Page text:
The Donor Solution made the news this week with an article in the Houston Business Journal which focused on small business’ that have prospered thought the recession.
To The Donor Solution, it’s all about one good egg
Premium content from Houston Business Journal – by Tanya Rutledge , Special to Houston Business Journal
Date: Friday, January 7, 2011, 5:00am CST
Registered nurse Mary Fusillo had been putting together the pieces to start an egg donation agency for six months when her employer caught wind of her plan and terminated her employment. At that point, she had no choice but to jump into her venture with both feet.
Lucky for her, the business plan Fusillo had been working on had all the makings of a successful startup.
The Donor Solution is now a major player in the egg donation industry, having been involved in more than 100 egg donation cycles in 2010. That’s nearly double the number in 2008.
The Donor Solution recruits and screens egg-donor candidates for clinics and doctors and matches them with recipients.
Fusillo struggled with infertility herself and birthed twins after becoming pregnant through in vitro fertilization. She worked in the infertility industry as a nurse specializing in egg donation for several years before going to work for a pharmaceutical company as donor program manager, where she traveled the country giving talks about egg donation.
But, as the economy began to falter in 2007, Fusillo knew business development jobs such as hers were in jeopardy, prompting her to create a business plan for her own company.
“The pharmaceutical industry was changing, and I saw the writing on the wall,” she says. “Those types of jobs weren’t going to exist anymore, and I knew I needed to do something else.”
So, in August 2007, while still working for the pharmaceutical company, Fusillo launched a website to recruit egg donors.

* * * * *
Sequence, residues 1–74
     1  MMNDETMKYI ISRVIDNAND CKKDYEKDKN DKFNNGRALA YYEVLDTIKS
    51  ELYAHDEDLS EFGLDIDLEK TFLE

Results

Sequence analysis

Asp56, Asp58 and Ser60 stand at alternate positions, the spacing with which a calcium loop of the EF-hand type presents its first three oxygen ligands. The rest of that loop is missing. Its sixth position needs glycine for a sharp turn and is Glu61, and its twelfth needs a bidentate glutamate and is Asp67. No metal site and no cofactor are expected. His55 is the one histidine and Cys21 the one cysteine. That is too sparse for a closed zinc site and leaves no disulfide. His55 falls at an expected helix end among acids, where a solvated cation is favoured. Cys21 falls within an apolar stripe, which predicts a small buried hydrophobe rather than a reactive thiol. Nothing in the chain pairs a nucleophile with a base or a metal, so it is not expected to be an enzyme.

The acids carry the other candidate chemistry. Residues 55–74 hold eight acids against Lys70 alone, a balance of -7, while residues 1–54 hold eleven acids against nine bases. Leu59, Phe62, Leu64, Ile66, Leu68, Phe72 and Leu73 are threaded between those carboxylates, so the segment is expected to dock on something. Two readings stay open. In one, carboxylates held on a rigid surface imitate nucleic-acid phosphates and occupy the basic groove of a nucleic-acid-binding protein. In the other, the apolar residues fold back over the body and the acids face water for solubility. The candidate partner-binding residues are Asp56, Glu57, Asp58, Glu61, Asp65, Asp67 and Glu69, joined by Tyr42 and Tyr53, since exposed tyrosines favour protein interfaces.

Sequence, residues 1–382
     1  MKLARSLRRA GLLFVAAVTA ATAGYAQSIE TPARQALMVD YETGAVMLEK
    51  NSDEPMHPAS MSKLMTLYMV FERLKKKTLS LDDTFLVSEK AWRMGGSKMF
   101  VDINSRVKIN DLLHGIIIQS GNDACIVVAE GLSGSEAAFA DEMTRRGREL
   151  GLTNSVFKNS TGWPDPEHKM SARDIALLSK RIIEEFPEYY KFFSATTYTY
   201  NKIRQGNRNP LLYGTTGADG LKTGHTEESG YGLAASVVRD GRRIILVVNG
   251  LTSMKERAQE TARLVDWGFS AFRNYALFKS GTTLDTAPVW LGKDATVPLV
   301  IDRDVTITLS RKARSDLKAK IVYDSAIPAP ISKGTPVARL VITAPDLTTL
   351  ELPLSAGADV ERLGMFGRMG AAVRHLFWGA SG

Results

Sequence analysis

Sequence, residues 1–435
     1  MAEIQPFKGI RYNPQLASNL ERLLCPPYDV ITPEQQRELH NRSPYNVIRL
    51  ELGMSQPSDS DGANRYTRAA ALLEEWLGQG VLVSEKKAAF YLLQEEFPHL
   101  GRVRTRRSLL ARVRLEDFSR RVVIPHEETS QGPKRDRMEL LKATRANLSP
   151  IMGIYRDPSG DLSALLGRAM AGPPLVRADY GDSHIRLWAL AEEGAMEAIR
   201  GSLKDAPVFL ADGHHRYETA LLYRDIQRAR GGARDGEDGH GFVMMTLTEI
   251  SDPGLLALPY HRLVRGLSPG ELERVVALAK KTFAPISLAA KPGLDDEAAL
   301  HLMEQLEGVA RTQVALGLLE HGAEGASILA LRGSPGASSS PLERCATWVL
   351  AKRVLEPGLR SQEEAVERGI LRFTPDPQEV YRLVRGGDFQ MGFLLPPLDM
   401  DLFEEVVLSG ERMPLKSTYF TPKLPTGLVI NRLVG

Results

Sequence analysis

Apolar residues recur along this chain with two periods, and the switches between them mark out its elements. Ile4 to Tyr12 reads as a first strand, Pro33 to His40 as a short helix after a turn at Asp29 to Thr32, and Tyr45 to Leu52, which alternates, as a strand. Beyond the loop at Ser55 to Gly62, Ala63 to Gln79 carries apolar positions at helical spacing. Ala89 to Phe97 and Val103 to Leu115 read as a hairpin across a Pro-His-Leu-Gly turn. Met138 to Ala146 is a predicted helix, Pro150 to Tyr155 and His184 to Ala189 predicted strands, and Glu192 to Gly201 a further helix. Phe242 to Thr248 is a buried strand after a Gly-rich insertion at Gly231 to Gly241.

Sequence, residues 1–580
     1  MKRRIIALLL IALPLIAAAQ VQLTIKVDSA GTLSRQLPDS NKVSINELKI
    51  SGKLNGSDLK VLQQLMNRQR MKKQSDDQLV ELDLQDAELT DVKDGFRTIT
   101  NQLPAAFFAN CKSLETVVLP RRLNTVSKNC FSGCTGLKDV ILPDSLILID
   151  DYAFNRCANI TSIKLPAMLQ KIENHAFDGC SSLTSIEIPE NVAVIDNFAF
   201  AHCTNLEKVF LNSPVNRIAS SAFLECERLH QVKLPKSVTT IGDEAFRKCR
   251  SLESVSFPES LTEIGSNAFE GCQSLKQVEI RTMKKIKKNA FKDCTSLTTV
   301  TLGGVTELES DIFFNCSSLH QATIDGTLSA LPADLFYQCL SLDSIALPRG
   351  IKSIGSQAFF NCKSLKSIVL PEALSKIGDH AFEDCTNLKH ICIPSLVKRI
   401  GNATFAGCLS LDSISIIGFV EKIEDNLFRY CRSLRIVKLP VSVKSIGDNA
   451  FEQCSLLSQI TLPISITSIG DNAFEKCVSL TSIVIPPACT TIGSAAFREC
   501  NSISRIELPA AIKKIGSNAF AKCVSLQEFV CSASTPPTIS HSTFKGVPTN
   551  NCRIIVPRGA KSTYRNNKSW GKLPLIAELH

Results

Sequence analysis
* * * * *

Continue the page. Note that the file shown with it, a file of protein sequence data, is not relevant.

She kept a big blue binder with her, jotting down ideas for her business as she flew to her next speaking engagement or meeting.
She also began attending lectures and seminars provided by the University of Houston Small Business Development Center and the U.S. Small Business Administration, learning all she could about how to run a company.
While on a business trip to Boston in November 2007, her employer discovered her website and terminated her, over the phone, leaving her stranded in the airport without a return ticket.
“Luckily, I already had all my ducks in a row,” Fusillo says. “But I was still upset for days before I said, ‘This is it, I’m walking the plank — I’m going to do this.’ ”
Within 60 days of launching The Donor Solution’s website, she had recruited 25 donors and her first egg recipient. But Fusillo soon found that securing financing for such an unusual business was not going to be as easy.
Although she had relationships with the UH Small Business Development Center and the SBA, Fusillo did not qualify for a loan because she was not selling a product or a traditional service. Several banks also turned her down for a line of credit.
So Fusillo put $27,000 on her credit card and set out to create an office and get the business fully off the ground.
She says she made two big mistakes when she first started out, both in an effort to save money. One was leasing office space without being represented by an agent.
Fusillo says she ended up with an unfavorable lease in which her rent continues to increase each year. The second was that she did not hire a full-time employee to help her as the business started to take off, instead using fill-in part-timers who sporadically worked 10 or 15 hours per week.
“I should have hired a full-time clerical person right away to answer the phones and do administrative tasks,” she says. “I am convinced that the business would have grown much faster if I had done that.”